I was recently doing some research on prospective agile governance models for a company in the throes of understanding how to manage the entropy of a large number of newly energized and empowered agile teams. For perspective on the problem, I returned to the following article for guidance: The New New Product Development Game. This article was published in the Harvard Business Review in 1986 and provides a perspective on the “Toyota Way” of concurrent engineering in the automotive business.
I read this article back in the late 1980s and considered it incredibly relevant to the product development work I was doing then. More recently, I was reminded of this article from a talk Jeff Sutherland gave in 2006 or so entitled the “Roots of Scrum” and it provided some excellent background for Scaling Software Agility.
I am always amazed by the seminal, agile principles that are surfaced so well in this article. I consider this to be essential reading for anyone trying to better understand the core philosophies and principles behind Scrum (and agile). Here’s a teaser:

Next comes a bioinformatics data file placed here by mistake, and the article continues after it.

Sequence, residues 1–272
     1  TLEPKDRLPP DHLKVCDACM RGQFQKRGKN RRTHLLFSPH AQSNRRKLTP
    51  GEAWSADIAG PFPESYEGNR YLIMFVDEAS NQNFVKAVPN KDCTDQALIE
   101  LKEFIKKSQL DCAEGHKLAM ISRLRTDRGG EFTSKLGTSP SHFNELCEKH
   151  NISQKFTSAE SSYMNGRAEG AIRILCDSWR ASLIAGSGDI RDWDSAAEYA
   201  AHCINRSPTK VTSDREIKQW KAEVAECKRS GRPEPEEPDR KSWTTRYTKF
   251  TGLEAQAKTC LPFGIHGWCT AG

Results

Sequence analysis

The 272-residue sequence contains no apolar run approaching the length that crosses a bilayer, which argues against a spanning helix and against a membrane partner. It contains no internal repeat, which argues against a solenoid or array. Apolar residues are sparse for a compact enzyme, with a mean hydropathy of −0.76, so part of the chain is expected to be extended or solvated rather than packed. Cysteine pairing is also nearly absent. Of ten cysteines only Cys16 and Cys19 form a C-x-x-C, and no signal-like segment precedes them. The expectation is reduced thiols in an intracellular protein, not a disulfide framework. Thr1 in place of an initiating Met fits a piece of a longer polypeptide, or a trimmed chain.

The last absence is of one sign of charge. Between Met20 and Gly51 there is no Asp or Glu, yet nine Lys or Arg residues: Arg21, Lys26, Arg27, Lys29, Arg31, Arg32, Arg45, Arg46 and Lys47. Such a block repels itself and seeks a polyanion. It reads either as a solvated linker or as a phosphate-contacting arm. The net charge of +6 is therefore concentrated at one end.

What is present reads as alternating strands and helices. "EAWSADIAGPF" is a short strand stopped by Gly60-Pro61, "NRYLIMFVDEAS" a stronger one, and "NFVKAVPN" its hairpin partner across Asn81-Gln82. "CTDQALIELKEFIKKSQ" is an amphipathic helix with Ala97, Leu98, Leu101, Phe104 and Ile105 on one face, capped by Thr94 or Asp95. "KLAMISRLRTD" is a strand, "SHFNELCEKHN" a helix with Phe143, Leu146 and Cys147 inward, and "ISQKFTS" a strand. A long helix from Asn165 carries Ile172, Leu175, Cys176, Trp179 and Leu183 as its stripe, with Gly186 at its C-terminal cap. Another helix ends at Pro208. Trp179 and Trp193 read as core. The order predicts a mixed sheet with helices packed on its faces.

“This new emphasis on speed and flexibility calls for a different approach for managing new product development. The traditional sequential or “relay race” approach to product development – (editors note: i.e. “waterfall” ) … – may conflict with the goals of maximum speed and flexibility. Instead, a holistic or “rugby” approach – where a team tries to go the distance as a unit, passing the ball back and forth – may better serve today’s competitive requirements.”
And since they were building automobiles with this approach, it “scales” too! I bet you’ll agree if you take the time to read it.